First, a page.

A belief in ‘kizuna’
“Fortunately, I can let you know I’m alive.” Those were the sober words of Hajime Kanamori, MD, PhD, MPH, in an email to colleagues at UNC Gillings School of Global Public Health in March 2011. Kanamori was in the northern part of Miyagi Prefecture, high in the hills, when a 9.0-magnitude earthquake and subsequent tsunami devastated countless Japanese towns and cities. Almost immediately, he was treating survivors who had made their way to evacuation centers.
“I believe in kizuna, the idea of bonds and connections between people,” he says. “We received supplies, prayers and support from international rescue and medical teams. Japan will recover and rebuild better with our efforts and the global community’s help. I thank the world from the bottom of my heart.”
Kanamori earned a certificate in field epidemiology at UNC’s public health school in 2011 and a Master of Public Health in Public Health Leadership in 2012. A physician at Tohoku University’s Graduate School of Medicine, he works to prevent and control infectious diseases.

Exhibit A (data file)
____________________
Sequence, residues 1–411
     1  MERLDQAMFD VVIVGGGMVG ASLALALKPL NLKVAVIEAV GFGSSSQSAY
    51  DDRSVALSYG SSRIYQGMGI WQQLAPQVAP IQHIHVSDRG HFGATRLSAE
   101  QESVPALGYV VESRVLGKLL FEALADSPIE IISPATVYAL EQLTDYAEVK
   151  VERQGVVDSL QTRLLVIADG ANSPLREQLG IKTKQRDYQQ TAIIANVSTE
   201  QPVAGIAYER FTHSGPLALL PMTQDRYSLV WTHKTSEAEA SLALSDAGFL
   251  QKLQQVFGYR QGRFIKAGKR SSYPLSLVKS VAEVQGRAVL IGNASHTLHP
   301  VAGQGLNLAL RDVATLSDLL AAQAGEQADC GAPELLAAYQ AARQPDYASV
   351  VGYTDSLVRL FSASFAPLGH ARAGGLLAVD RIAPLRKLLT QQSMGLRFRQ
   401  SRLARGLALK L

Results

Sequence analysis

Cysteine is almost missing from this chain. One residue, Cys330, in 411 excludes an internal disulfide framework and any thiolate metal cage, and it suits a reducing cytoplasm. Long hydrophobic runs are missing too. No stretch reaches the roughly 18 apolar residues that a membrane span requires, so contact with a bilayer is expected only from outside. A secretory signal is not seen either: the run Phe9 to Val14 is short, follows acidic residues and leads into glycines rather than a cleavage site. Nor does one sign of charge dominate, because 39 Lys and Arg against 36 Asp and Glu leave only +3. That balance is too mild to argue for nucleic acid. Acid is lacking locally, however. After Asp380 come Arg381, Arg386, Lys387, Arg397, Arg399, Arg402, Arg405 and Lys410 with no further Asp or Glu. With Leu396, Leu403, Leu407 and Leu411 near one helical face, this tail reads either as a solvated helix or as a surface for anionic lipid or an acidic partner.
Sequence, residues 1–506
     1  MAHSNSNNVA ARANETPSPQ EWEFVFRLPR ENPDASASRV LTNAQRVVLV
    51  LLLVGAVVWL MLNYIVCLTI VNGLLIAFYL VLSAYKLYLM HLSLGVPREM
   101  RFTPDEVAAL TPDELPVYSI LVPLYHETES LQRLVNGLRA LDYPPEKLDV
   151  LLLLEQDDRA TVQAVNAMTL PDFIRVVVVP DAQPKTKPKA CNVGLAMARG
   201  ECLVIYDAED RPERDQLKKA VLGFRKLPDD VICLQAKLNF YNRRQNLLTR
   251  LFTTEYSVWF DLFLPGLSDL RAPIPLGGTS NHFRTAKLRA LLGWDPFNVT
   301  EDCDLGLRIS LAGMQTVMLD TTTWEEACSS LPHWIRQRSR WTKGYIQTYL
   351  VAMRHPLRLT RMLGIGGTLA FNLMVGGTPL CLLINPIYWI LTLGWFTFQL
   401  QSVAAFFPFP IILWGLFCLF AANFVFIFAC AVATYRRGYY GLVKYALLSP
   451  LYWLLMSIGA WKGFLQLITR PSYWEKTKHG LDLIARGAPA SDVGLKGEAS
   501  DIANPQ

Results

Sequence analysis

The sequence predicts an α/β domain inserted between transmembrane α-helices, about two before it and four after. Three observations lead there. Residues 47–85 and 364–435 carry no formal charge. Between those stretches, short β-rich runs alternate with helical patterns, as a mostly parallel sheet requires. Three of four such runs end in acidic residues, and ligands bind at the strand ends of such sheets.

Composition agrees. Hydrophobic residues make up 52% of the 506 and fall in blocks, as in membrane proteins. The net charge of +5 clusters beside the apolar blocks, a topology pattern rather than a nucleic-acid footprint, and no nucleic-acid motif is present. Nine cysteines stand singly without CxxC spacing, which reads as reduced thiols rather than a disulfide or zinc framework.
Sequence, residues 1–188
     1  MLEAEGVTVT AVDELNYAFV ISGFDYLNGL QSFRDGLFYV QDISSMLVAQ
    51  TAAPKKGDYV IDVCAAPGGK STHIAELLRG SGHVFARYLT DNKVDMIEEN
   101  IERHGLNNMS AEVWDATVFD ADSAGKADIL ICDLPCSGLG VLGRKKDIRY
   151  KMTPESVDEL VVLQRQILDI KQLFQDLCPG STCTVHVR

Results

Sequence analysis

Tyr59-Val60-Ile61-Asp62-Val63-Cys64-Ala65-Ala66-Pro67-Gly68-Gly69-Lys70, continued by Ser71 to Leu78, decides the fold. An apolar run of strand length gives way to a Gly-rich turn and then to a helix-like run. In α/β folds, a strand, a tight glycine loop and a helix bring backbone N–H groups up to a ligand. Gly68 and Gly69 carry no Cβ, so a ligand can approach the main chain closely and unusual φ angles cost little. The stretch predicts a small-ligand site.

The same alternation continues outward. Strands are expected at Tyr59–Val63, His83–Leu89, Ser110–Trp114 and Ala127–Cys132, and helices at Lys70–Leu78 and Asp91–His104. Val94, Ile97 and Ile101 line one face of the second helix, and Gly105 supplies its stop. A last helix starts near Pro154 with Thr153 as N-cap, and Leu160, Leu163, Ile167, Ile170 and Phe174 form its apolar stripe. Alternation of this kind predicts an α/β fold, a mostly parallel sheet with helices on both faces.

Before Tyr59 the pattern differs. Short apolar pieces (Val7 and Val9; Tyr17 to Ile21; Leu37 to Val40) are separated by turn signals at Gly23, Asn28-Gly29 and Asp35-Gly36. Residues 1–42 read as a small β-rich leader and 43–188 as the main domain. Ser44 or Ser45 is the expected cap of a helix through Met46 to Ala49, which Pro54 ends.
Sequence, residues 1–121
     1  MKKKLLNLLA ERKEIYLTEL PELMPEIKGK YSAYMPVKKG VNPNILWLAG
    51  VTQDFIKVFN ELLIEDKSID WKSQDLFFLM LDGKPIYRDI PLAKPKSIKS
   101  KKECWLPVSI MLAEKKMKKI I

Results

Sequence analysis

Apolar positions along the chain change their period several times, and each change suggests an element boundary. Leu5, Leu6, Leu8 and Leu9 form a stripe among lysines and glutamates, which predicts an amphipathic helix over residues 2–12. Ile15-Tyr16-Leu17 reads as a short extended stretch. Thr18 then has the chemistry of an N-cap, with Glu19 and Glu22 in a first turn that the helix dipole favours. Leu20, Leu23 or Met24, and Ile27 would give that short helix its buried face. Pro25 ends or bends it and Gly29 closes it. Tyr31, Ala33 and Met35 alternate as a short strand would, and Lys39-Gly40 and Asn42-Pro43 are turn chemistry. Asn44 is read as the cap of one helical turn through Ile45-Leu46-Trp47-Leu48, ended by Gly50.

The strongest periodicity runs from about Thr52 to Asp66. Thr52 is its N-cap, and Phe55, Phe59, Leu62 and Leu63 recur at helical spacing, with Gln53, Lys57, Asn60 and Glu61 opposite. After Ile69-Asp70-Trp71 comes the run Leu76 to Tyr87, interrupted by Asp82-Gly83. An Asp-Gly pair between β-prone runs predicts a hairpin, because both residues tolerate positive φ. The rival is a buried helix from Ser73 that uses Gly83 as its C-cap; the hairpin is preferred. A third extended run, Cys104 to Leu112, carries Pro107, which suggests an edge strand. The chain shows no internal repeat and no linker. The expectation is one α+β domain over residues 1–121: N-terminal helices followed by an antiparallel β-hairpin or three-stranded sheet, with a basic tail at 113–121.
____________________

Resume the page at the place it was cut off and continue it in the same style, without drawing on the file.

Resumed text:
“Through my practicum at UNC, I came to understand the role of infection control and outbreak investigation in challenging situations such as the Great East Japan Earthquake,” Kanamori said. “I also learned how UNC hospitals reduce health-care-associated infections and learned the basic skills of hospital epidemiology. That will be of great help in promoting better infection control activities at my hospital.”
— JB Shelton
Carolina Public Health is a publication of the University of North Carolina at Chapel Hill Gillings School of Global Public Health. To view previous issues, please visit https://sph.unc.edu/cphm/cph/